Yar wrote some email talking about the 2-Tone Game. One of my answers got pretty long. I guess eventually it should find its way into a game write-up. But it won't if I lose it in my old mail queue. So I'll copy it here.
(I don't think there are any spoilers here.)
> I'd be really curious as to how you think this format went -- since it's > such a drastic change from the standard game format, I'm sure that a lot of > things went differently than you expected (for better or worse). Any > insights?
Yeah, it didn't go as I expected. I announced all that stuff about "leisurely" and "take it easy", but still expected a wave of hyper-eager folks to nigh-overwhelm the server at 10:00 sharp and then race and race to be first to finish. But that didn't happen. People trickled in, solved some puzzles, took breaks, resumed...
One aspect where wrong assumptions lead to wrong decisions--
There's this logic on the server that tries to send teams to the same location at the same time so that gamers have a better chance of bumping into each other. But there haven't been that many people playing at the same time.
That same logic means that two people on a team who each use the server, each one using their own account, can get confused and dismayed--they solve puzzles in the same order, but get sent to different puzzles, just because one of them entered the answer at 10:58 and the other one entered the answer at 11:02. The server sends people to locations based on time of day, hoping that folks will thus bump into each other... but that's not obvious. The confusion isn't a terrible thing, and you can imagine it being justified by a trade-off. But the other half of that trade-off turns out to not exist.
(I should probably dismantle that logic.)
Another thing I didn't expect--I figured someone would have finished the game by now. There's a few folks who, like yourself, are just one puzzle from finishing. But no-one's finished. So... I mis-characterized gamists as hyper-competitive hyper-kinetic folks.
It's strangely satisfying to check the game logs and realize that people are playing this game during their lunch hours and visiting sites after work. Like, uhm, it's nice to see that they're making this thing fit into their lives.
Over the course of the week, there's been about as much activity as one week-end day. Not so much going on at any given hour, maybe just one person playing at a time. But it adds up.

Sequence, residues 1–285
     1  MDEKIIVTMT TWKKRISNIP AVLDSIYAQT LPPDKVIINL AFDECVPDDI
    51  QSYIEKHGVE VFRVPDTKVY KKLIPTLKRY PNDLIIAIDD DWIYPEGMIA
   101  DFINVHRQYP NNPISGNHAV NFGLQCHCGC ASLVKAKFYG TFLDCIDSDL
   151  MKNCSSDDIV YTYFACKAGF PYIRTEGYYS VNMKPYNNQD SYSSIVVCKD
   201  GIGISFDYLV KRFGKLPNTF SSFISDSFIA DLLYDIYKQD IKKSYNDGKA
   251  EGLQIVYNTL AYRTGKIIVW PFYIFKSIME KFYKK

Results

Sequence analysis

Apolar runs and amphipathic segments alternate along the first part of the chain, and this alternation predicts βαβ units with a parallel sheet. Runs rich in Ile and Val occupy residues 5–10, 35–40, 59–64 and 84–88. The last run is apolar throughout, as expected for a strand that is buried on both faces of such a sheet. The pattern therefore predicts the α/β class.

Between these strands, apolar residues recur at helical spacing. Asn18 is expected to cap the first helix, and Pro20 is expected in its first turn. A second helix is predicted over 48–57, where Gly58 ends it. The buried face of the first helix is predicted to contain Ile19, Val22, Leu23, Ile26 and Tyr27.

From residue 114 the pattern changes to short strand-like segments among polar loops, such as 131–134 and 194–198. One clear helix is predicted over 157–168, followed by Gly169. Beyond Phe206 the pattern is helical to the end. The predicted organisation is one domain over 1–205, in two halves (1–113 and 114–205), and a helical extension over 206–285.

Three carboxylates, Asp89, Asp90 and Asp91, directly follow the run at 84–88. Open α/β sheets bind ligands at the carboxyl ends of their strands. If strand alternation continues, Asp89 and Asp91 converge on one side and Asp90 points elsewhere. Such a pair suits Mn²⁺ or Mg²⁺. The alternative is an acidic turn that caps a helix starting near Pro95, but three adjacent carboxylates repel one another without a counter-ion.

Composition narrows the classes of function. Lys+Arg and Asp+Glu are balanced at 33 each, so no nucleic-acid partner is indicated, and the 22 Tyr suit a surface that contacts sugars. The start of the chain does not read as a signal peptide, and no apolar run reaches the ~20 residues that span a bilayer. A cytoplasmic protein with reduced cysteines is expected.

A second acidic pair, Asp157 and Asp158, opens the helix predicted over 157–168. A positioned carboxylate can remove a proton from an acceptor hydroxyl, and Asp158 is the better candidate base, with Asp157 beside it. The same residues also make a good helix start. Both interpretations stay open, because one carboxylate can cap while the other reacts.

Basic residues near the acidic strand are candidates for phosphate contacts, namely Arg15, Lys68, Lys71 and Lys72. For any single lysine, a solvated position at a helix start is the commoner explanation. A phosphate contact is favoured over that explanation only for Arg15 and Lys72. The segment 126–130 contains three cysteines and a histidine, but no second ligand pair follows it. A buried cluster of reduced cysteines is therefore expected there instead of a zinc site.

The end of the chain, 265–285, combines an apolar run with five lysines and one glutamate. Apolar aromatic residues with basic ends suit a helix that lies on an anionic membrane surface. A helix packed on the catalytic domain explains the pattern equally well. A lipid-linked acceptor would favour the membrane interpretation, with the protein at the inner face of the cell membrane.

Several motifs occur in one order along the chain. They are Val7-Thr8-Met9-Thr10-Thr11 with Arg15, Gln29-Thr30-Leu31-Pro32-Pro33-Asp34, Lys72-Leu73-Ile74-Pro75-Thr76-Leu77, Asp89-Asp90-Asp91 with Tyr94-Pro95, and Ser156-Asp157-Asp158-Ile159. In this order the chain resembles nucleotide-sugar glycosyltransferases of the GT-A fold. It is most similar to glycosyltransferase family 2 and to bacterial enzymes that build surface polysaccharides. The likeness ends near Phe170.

Another thing that felt good about the pace: When it rained so hard on Sunday, I was glad the game wasn't "forcing" anyone to get wet. (A couple of folks were at puzzle sites around then, but they could have stayed home.)
But I know that the pace isn't right for all people. I talked with my friend Andrea Frome, who's played some BANGs but didn't want to play this game. She likes the focus of BANGs. Andrea's pretty intense. For her, "leisurely" is a bad thing. I bet there's a bunch of people who feel that way.
Maybe there's correlation between the hyper-kinetic folks and folks who don't want to play a leisurely-paced game. That might explain the hey-it's-been-five-days-and-nobody's-finished-yet thing.
Anyhow, there are good aspects and bad aspects. Maybe a way to keep the good aspects but clear away some bad aspects: have an optional-but-encouraged starting event that gets players together at the start. Then maybe more players would be playing at the same time, and thus more of them would bump into each other at puzzle sites. And it would be an excuse to be sociable.
Overall... I think I like "live" events better. I like having a web-based "LEON" for a live event—it worked well for the Back-to-School BANG. I'd like to apply lessons from the 2-Tone experience to a live event.
But I could see doing other just-set-up-the-web-site-and-point-people-at-it thing. The lack of logistical stress is nice :-)